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Delayed Expulsion Of The Nematode Trichinella SpiralisIn Mice Lacking The Mucosal Mast Cell–Specific Granule Chymase, Mouse Mast Cell Protease-1

Pamela A. Knight, Steven H. Wright, Catherine E. Lawrence, Yvonne Y.W. Paterson, Hugh R.P. Miller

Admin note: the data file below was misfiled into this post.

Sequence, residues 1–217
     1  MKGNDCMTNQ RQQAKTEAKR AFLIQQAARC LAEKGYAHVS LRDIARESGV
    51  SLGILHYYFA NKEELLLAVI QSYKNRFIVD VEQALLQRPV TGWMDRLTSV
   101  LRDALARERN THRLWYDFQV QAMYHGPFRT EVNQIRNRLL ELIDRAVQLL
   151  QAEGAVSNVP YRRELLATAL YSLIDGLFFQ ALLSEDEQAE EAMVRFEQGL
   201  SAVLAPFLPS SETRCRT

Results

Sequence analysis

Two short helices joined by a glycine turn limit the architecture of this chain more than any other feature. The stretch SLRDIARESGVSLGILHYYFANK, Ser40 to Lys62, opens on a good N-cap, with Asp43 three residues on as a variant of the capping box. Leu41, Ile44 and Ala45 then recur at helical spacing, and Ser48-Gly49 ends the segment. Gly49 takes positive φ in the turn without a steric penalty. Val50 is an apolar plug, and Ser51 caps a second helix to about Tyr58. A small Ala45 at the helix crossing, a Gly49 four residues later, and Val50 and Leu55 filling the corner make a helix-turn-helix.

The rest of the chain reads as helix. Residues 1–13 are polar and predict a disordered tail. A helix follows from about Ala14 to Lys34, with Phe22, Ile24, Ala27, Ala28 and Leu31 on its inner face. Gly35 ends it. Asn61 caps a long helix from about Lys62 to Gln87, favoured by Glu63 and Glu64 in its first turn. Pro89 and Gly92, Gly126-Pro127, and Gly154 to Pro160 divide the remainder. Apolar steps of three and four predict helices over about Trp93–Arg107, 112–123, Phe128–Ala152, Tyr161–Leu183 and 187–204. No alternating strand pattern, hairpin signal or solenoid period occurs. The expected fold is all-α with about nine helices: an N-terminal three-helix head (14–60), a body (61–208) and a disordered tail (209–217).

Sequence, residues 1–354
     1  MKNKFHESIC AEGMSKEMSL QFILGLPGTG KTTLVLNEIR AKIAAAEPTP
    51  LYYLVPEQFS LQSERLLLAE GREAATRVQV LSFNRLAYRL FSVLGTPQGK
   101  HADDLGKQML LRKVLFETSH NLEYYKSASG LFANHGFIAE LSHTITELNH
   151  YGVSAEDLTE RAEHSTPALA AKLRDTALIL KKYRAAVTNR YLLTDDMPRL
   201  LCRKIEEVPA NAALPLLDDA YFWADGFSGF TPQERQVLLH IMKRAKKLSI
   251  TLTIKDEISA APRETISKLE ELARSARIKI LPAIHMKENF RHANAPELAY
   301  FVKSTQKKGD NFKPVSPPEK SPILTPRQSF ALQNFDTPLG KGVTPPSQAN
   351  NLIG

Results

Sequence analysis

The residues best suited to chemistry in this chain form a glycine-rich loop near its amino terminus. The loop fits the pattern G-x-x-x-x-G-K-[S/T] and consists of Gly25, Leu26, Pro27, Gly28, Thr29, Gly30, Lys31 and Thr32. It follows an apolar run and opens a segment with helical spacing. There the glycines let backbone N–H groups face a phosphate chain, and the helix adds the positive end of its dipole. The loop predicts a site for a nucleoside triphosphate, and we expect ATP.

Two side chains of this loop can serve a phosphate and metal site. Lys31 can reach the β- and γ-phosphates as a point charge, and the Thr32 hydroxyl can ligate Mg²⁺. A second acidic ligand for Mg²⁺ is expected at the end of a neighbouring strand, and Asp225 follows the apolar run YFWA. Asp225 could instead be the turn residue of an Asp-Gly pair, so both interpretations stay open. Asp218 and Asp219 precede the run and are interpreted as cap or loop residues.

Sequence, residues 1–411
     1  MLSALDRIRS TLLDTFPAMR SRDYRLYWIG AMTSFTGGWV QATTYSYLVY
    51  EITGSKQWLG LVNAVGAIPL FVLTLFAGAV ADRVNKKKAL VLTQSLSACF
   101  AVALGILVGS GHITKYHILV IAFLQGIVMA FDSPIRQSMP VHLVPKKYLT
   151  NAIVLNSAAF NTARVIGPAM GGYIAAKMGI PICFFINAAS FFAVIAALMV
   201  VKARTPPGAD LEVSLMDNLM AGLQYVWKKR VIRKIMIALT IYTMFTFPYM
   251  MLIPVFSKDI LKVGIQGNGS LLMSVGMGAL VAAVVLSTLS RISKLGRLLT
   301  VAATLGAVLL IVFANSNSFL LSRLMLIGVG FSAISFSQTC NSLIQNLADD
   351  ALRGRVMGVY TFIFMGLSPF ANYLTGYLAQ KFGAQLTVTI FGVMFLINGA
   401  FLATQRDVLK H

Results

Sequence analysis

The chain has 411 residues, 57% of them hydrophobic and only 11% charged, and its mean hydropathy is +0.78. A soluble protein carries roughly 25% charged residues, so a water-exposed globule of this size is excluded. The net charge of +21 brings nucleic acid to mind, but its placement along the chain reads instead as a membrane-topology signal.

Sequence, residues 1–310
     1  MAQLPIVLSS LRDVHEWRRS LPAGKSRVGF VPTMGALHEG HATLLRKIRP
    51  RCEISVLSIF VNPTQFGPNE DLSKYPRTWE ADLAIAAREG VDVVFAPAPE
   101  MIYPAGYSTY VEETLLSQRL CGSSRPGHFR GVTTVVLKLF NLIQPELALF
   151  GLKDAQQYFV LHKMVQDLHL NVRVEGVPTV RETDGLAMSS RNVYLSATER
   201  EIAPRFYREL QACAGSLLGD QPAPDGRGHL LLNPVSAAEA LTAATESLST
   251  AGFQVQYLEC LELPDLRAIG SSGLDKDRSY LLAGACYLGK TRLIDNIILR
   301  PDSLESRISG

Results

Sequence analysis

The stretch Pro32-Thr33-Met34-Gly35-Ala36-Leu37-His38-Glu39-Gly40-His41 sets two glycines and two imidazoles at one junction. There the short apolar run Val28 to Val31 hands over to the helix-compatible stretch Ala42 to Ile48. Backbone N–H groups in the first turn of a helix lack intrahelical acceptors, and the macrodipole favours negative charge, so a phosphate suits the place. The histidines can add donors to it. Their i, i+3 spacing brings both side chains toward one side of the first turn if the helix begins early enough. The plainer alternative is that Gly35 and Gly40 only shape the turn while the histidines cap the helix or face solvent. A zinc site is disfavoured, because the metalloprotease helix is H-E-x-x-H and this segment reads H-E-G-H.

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Expulsion of gastrointestinal nematodes is associated with pronounced mucosal mast cell (MMC) hyperplasia, differentiation, and activation, accompanied by the systemic release of MMC granule chymases (chymotrypsin-like serine proteases). The β-chymase mouse mast cell protease-1 (mMCP-1) is expressed predominantly by intraepithelial MMCs, and levels in the bloodstream and intestinal lumen are maximal at the time of worm expulsion in parasitized mice. To address the in vivo functions of MMC-specific β-chymases, we have generated transgenic mice that lack the mMCP-1 gene. They were backcrossed onto a congenic BALB/c background to investigate the response to nematode infection. The deletion of the mMCP-1 gene is associated with significantly delayed expulsion of Trichinella spiralis and increased deposition of muscle larvae in BALB/c mice despite the presence of normal and sometimes increased numbers of MMCs. Neither worm fecundity nor worm burdens were altered in Nippostrongylus-infected mMCP-1−/− BALB/c mice. These data demonstrate, for the first time, that the ablation of an MMC-derived effector molecule compromises the expulsion process.